When estimating the initial expenses of starting a new venture, many entrepreneurs only scratch the surface, not realizing it takes more than office space and equipment to get a business off the ground.
Additional costs for things such as marketing, signage, training and consultation can quickly add up and put you in a tight financial spot.
When thinking about how much you can afford to invest upfront in your business, you may consider the option of buying a franchise, which is usually more cost effective than starting from scratch.
According to Franchise Direct, it can cost anywhere between $110,000 and $234,000 to purchase a franchise in the USA, compared to an estimated $1,9 million for an independent business.
Franchise owners share the same benefits and rewards as independent business owners, with the only difference being that they have the advantage of an established brand, which makes it easier for them to step onto the entrepreneurial ladder.
Even though it requires less capital, many entrepreneurs lack the personal finances to start and run a successful franchise. Below, written in collaboration with F45, is a breakdown of the funding avenues worth exploring.
Aside from providing onboarding support, the franchisor can help you secure funding. They may have their own financing company or may offer you a loan through an affiliation with a third-party lender.
Remember that the money you’ll receive from the franchisor constitutes debt financing, which means it must be paid back with interest within a predetermined time frame. The loan can also have different characteristics. In some cases, you will only pay the interest charged on the loan, or make relatively small monthly payments for a period of ten years and settle the balance as a balloon payment.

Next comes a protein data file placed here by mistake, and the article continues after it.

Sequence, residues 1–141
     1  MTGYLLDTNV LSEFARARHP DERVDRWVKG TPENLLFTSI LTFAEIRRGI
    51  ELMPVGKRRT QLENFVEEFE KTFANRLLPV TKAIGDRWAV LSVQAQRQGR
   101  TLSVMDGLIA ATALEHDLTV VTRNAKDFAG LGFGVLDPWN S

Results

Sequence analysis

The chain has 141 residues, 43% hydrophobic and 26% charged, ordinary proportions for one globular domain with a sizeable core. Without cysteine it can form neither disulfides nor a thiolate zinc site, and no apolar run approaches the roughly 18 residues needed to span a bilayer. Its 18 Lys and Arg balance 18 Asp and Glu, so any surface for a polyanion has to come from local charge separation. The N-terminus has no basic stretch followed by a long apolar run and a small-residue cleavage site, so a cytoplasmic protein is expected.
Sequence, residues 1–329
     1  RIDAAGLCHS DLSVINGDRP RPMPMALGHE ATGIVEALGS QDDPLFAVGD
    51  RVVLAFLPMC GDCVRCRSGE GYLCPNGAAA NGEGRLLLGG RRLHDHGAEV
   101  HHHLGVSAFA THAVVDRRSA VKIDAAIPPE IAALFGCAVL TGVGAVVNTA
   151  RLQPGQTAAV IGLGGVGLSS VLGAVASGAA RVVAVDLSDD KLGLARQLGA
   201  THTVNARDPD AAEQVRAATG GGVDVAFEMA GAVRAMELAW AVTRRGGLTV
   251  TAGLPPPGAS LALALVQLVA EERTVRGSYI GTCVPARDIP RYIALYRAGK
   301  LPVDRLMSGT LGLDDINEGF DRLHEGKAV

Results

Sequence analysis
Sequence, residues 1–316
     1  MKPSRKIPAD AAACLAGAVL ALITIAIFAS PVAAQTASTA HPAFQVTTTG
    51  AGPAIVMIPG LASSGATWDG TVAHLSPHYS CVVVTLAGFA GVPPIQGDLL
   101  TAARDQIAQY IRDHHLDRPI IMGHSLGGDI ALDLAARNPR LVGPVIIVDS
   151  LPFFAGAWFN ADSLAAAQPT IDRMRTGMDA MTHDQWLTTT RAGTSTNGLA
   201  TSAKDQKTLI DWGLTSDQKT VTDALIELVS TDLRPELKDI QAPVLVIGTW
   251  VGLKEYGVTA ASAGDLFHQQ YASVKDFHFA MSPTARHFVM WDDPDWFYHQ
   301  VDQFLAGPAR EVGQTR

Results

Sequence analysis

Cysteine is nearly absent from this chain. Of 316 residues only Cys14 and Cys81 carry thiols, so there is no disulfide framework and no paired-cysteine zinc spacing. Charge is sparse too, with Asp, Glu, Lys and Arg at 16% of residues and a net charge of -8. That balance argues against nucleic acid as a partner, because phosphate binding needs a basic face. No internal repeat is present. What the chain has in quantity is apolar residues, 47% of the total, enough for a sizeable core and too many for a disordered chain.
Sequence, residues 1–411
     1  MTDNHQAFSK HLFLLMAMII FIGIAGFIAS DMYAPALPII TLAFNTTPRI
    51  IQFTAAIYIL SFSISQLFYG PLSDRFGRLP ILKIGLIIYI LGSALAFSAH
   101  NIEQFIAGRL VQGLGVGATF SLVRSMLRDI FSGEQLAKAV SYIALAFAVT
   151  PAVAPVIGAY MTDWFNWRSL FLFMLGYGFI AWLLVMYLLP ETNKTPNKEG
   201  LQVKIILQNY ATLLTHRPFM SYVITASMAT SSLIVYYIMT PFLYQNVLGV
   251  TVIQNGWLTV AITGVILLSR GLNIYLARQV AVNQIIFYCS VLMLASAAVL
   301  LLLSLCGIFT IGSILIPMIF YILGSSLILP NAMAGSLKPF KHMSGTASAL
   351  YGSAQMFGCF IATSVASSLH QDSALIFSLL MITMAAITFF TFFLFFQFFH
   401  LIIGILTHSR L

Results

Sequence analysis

The second option is to follow the traditional route and approach your bank for a business loan.
Business owners buying into a franchise usually have a better chance of getting an approval, as they are backed by a proven business model. However, the bank still needs to perform a personal credit check to assess your creditworthiness. If successful, the bank will offer you a lump sum to be repaid in monthly instalments with interest over a set term.
Small Business Administration (SBA)
While the government does not offer financial aid directly to individuals, it does provide capital to initiatives such as the Small Business Administration to help business owners get a foot in the door. Much like an ordinary loan, the funds received must be repaid with interest, however, since the SBA assumes part of the risk, lenders are able to create more favorable repayment terms, lower interest rates and flexible timeframes.
If your personal cash reserve isn’t enough, you can find an investment partner to help shoulder the financial burden. However, this option should be approached with caution. Things like share allocation and profit sharing should be put in writing so that each partner has clarity on their stake in the business.
A partner can make life difficult for you down the line, so be careful about who you choose to go with on this entrepreneurial journey. The ideal partner should be someone who has the same purpose and values as you to make the business succeed.
Keep in mind that startup costs vary among different sectors of the economy and among individual franchises, depending on the size of the business, the location, pre-opening expenses, inventory, and equipment needed. So, the best first step to take when deciding what type of startup funding you need is to evaluate the costs specific to your location and type of business.